Bright costumes, tuneful songs and tapping feet were all on show when Free-Rain Theatre Company provided a taste of its upcoming production of the 1980 Broadway musical 42nd Street on Thursday.
Directed by Chris Baldock, 42nd Street tells the story of the mounting of a Broadway musical during the Great Depression during which Peggy Sawyer, a young chorus girl, gets a shot at stardom when the leading lady breaks her ankle.
Playing Peggy, in her first lead role, is 17-year-old Sophie Highmore. But nobody had to break their ankle for her to get the part.
"This has been so cool - everyone has been really hard-working," she said.
"Everything is really coming together."
Professional actor Sam Ward, last seen in Canberra in Free-Rain's Les Miserables as Marius in 2017, plays the show's juvenile lead, Billy Lawlor. He was in the chorus of a production of 42nd Street during his studies at the Victorian College of the Arts.
Ward said of Billy, "He's an active pursuer of Peggy in romantic situations but it doesn't seem to be reciprocated - she's always very friendly but she just seems to want to be friends."
Whether or not he will break through her reserve remains to be seen.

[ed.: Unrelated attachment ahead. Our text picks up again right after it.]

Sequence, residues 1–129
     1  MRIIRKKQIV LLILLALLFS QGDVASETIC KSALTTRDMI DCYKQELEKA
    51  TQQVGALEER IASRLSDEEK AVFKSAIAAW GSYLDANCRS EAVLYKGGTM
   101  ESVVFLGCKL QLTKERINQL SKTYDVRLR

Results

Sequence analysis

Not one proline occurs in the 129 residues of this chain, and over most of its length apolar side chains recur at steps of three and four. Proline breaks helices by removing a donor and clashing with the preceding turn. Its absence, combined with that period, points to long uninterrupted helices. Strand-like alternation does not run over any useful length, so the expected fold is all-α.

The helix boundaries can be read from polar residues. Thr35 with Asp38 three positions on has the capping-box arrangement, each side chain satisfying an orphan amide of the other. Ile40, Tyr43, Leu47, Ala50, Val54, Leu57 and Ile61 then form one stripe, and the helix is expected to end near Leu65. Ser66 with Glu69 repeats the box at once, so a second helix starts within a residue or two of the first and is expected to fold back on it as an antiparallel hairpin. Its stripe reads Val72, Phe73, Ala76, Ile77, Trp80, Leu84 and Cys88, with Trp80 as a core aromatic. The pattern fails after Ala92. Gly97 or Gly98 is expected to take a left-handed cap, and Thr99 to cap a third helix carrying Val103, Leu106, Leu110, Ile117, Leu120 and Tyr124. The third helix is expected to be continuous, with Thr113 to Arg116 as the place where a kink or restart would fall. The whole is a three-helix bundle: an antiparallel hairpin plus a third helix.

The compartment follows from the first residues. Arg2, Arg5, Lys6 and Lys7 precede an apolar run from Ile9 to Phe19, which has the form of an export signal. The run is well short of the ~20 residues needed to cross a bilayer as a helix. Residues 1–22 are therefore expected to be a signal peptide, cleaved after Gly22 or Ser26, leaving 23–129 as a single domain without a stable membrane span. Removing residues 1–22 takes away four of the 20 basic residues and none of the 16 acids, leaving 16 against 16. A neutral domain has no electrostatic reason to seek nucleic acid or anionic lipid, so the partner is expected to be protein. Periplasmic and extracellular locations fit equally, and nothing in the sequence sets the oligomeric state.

Ward studied tap dancing while at the Victorian College of the Arts but his recent roles - Marius, Judas in a Melbourne production of Jesus Christ Superstar, Whizzer in Falsettos - haven't called for tap and he said he was enjoying the chance to get back into it.
Conductor Ian McLean said there were no strings in the 15-piece orchestra which based its big, brassy sound on the emerging big bands of the 1930s.
The story was adapted from the 1933 Warner Bros film and the score filledout the movie's Harry Warren-Al Dubin score with some of the duo's other songs.
"It's bright, breezy, uplifting music," McLean said.
He said the songs and production numbers - including Lullaby of Broadway, We're in the Money and Dames - were originally intended to cheer people up during the depths of the Depression and continued to serve that function on stage, whatever the era.
"From my point of view I've got to be strict with tempo - the tappers are very dependent on the tempo being exactly the same once we've started or everyone can get out of sync."
But when everything goes right there will be more than two dozen people tapping out on stage together and tunes the audience will go out humming, he said.
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